Check out this video that was filmed by a fishing buddy of mine, Chris Munchow, this past Saturday (Jan. 28, 2017). Chris was in central Minnesota using a common ice fishing tool called a tip-up.
Below, in Chris’s own words, is the background to this amazing video:
“I had a couple of tip-ups out with Aqua-Vu cameras on both. This tiger muskie came in three times in an hour, and it actually strikes the minnow twice, both times never tripping the tip-up flag. I had no idea the muskie was there until reviewing the footage later that night. The slow-motion segment of the clip is 15% of actual speed.”
Muskies are incredible predators. And somehow they seem to have an uncanny ability that isn’t found in northern pike, which is the skill/instinct to strike and then expel potential prey – and artificial lures – very quickly.
I’ve spent over 30 years pursuing muskies, and while I’ve caught my fair share, Chris has caught many more. Together – sharing the same boat – we’ve been on muskie fishing adventures throughout Minnesota, Wisconsin and Ontario, and we’ve both witnessed first-hand a muskie’s ability to inhale and spit out a lure in a split-second. A muskie can engulf a bucktail containing two (or even three!) sets of needle-sharp treble hooks (the entire lure disappears in the fish’s mouth within sight of the boat) and then open its mouth to spit the lure before you have time to feel a strike or set the hook. If you didn’t see it happen 15 feet in front of you, you’d swear it wasn’t possible.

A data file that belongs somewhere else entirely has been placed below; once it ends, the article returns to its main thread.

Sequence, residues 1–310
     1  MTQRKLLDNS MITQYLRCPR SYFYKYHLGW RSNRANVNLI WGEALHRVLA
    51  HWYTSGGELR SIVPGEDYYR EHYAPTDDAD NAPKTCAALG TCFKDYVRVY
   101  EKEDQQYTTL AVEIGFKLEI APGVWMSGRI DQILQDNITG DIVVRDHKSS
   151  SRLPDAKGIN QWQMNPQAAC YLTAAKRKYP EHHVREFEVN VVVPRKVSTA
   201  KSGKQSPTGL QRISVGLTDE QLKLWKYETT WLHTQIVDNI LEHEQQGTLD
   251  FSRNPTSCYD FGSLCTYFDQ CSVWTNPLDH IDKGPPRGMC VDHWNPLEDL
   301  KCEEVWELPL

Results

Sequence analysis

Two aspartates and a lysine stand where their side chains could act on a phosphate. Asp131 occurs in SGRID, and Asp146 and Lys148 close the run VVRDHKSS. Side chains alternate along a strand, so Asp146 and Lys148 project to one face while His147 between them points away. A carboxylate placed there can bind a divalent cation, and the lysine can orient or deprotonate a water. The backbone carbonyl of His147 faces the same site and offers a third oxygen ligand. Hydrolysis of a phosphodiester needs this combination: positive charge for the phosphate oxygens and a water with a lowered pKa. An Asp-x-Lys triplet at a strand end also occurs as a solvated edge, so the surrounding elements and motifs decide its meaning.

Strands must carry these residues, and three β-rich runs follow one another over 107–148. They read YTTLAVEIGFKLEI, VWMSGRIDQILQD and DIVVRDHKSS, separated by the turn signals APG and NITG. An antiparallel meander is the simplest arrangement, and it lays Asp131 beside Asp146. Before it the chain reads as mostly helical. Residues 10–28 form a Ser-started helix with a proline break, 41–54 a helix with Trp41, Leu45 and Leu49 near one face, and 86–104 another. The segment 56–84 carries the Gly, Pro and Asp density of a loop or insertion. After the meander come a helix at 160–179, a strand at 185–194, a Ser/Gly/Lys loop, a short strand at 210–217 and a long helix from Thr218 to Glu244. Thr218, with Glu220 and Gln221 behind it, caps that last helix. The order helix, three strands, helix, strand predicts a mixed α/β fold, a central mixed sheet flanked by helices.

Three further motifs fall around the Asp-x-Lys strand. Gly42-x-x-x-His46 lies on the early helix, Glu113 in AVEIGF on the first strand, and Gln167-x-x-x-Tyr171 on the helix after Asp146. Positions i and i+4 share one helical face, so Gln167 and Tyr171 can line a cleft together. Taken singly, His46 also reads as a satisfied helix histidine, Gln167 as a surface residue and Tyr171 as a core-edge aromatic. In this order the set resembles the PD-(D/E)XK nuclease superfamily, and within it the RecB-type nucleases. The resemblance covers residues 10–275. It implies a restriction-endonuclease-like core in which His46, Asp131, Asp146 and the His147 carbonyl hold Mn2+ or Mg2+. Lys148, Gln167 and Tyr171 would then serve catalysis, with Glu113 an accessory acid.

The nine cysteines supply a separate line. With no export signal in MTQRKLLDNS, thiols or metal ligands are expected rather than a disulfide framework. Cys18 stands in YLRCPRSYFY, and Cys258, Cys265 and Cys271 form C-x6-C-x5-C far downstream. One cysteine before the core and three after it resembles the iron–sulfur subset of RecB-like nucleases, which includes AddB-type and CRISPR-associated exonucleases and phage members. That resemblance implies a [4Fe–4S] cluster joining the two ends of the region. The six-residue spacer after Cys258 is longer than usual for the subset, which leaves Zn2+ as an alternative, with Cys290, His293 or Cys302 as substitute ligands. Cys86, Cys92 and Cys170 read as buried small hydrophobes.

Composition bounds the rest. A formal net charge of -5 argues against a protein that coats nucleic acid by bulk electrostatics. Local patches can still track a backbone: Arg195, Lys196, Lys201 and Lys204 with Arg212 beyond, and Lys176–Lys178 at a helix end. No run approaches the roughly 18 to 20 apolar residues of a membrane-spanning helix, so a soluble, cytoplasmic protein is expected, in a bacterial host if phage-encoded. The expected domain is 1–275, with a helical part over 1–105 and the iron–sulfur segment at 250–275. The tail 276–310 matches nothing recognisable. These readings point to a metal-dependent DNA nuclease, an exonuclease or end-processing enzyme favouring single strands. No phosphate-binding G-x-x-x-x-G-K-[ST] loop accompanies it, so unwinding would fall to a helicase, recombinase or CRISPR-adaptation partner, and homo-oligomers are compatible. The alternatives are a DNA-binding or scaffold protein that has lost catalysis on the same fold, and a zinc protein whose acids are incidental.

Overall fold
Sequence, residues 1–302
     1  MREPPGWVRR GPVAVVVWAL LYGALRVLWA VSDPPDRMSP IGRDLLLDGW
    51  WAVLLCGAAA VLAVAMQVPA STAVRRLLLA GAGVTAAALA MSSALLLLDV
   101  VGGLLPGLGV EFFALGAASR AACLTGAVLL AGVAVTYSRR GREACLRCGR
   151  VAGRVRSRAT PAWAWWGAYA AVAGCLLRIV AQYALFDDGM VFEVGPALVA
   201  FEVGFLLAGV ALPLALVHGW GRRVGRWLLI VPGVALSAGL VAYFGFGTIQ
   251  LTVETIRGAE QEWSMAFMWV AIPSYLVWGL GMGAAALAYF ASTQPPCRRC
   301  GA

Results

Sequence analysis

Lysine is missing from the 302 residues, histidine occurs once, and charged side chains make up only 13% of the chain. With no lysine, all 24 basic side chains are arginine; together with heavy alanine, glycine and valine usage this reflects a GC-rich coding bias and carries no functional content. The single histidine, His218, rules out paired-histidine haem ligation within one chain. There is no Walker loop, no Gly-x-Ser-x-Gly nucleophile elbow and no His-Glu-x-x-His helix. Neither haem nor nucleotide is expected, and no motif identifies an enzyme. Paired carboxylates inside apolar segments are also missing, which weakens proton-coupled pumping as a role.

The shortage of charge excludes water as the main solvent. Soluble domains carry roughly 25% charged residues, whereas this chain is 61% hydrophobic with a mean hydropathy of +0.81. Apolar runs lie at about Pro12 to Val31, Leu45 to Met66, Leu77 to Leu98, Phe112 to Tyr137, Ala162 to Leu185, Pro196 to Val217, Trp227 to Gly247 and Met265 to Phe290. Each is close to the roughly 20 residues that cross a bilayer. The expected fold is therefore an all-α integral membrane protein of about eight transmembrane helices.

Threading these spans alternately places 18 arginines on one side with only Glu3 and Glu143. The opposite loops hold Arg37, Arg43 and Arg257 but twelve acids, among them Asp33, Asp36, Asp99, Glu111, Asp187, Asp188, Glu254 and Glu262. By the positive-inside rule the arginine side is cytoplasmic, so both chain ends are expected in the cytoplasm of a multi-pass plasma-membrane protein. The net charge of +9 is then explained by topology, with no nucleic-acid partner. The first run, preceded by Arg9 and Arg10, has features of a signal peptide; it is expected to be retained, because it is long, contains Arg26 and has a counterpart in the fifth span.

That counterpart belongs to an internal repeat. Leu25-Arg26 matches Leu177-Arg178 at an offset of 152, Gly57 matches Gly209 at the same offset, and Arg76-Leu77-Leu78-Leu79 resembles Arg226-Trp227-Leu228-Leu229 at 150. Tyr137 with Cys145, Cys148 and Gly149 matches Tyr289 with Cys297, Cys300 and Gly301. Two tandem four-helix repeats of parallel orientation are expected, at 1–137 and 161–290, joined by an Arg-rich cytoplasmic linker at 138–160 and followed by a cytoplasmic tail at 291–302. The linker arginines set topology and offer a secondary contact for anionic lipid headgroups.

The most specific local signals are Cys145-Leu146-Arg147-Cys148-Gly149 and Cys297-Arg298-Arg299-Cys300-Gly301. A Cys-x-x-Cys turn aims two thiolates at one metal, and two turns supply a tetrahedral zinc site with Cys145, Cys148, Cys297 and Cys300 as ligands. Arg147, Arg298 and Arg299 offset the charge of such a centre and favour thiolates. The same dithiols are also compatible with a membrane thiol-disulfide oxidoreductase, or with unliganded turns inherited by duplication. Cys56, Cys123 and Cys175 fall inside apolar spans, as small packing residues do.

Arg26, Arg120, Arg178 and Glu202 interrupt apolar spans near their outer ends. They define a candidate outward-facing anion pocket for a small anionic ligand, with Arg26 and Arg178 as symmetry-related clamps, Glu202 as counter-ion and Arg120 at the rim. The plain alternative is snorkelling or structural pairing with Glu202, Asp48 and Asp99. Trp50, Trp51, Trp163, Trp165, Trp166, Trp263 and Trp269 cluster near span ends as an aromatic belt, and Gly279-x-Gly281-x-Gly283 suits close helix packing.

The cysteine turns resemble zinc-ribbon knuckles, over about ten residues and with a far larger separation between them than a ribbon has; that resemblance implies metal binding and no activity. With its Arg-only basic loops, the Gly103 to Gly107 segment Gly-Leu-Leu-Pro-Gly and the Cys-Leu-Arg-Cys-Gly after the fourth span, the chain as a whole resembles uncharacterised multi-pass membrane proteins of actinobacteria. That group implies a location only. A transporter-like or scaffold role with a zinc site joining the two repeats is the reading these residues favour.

As for how Chris captured the entertaining/educational underwater video:
“I used an Aqua-Vu camera system with built-in DVR and placed the camera hole 18 to 20 inches from the hole containing the tip-up and minnow. An Aqua-Vu Mo-Pod 3 held the camera at the correct depth and direction to view my bait. The camera runs and records the entire time I’m fishing. This video was shot with the Micro-5 DVR/DT system, which has an 8GB DVR recorder and can hold around 350-minutes of video.”
P.S. So why didn’t this strike trigger the tip-up? If you watch closely, you’ll notice that the muskie swims upward during its attack, which creates slack line. It spits the minnow and never pulls any line off the tip-up spool. Unless the spool moves at least a quarter-turn, a tip-up flag won’t fly.
Image is a screenshot from the Facebook video